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Comment & Response |

Glyburide vs Insulin and Adverse Pregnancy Outcomes

Shadi Rezai, MD1; Monica Vielman, MD1; Cassandra E. Henderson, MD1,2
[+] Author Affiliations
1Lincoln Medical and Mental Health Center, Bronx, New York
2New York Weill Cornell Medical Center, New York
JAMA Pediatr. 2015;169(10):974-975. doi:10.1001/jamapediatrics.2015.1808.
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To the Editor We were prompted by the increasing prevalence of gestational diabetes and widespread obstetric use of oral sulfonylureas to read with interest the retrospective analyses by Camelo Castillo et al.1,2 From an employer-based insurance database, Camelo Castillo and colleagues confirmed reports of others that infants born to women treated with glyburide are at increased risk for being large for gestation age and having hypoglycemia, both potential markers of fetal and neonatal hyperinsulemia.3 The authors also found these infants exposed to glyburide during the fetal period were at increased risk for birth injury. While the relationship between large for gestation age and birth injury is clearly understandable, the authors did not address the confounding health care professional variability in the glyburide group as it relates to obstetric surgical intervention and lower cesarean and episiotomy rates. The decision to perform a cesarean is often not based on objective evidence, but driven primarily by the health care professional’s own experience or anecdotal data.4 A health care professional may consider the use of insulin rather than glyburide as a marker for disease severity and, therefore, an indication for cesarean delivery. During the study period, 2000 to 2011, health care professionals in the United States chose to perform fewer episiotomies; once again, we suggest this invokes the variable of health care professional choice affecting the outcome of interest, birth injury.5 While we agree with the authors that use of glyburide during pregnancy may be problematic, the higher rates of birth injury associated with glyburide may not be directly related to this hypoglycemic agent, but rather caused by patterns of obstetric surgical intervention during the study period.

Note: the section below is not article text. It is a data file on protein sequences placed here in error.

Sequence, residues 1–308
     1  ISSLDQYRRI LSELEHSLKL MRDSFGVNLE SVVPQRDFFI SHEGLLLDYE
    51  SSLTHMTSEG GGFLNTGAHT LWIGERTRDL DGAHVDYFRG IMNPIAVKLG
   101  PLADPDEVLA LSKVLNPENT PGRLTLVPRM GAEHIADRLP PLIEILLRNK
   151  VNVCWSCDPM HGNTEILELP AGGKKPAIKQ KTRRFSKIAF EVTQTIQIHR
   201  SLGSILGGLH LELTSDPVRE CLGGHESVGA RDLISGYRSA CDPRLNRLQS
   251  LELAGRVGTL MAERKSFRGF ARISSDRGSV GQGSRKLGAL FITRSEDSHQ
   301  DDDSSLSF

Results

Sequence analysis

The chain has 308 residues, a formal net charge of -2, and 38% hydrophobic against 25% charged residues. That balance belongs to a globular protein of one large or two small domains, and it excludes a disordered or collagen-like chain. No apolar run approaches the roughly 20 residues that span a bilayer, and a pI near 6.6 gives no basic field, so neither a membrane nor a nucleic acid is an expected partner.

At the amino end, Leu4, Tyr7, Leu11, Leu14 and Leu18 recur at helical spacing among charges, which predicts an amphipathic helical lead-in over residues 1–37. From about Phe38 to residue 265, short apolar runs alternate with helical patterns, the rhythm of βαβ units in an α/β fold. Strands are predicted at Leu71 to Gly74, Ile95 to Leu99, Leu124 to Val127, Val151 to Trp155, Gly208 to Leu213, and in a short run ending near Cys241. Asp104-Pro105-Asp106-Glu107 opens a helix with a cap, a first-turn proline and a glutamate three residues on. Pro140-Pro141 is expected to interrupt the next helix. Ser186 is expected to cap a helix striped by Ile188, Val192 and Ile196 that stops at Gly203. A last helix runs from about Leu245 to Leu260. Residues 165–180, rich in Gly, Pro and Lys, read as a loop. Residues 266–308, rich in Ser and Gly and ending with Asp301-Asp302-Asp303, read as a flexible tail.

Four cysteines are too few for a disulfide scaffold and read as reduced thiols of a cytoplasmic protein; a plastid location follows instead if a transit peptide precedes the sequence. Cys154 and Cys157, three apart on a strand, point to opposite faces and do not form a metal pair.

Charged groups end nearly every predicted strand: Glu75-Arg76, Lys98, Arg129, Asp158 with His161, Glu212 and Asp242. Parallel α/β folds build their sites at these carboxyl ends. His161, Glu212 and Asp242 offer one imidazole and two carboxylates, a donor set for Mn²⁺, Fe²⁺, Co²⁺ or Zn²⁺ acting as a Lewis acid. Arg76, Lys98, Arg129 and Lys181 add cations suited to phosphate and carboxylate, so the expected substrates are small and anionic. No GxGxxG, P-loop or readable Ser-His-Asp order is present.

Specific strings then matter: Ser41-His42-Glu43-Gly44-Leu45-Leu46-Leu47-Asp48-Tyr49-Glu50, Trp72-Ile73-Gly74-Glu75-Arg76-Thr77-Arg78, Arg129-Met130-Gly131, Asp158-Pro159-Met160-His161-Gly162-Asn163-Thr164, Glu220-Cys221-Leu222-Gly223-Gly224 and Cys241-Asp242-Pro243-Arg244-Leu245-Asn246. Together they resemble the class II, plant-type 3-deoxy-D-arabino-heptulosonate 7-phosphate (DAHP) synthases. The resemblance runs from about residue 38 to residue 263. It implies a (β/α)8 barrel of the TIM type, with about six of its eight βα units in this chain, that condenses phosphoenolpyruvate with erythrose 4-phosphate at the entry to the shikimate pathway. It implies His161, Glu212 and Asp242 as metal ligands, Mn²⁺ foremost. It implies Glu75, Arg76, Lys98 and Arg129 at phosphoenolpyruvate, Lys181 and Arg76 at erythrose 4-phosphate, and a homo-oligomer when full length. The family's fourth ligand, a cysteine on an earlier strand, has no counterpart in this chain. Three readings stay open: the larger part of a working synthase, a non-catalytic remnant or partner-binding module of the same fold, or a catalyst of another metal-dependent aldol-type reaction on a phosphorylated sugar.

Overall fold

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October 1, 2015
Wendy Camelo Castillo, MD, PhD; Michele Jonsson Funk, PhD
1Department of Pharmaceutical Health Services Research, School of Pharmacy, University of Maryland, Baltimore
2Department of Epidemiology, Gillings School of Global Public Health, University of North Carolina at Chapel Hill, Chapel Hill
JAMA Pediatr. 2015;169(10):975. doi:10.1001/jamapediatrics.2015.1811.
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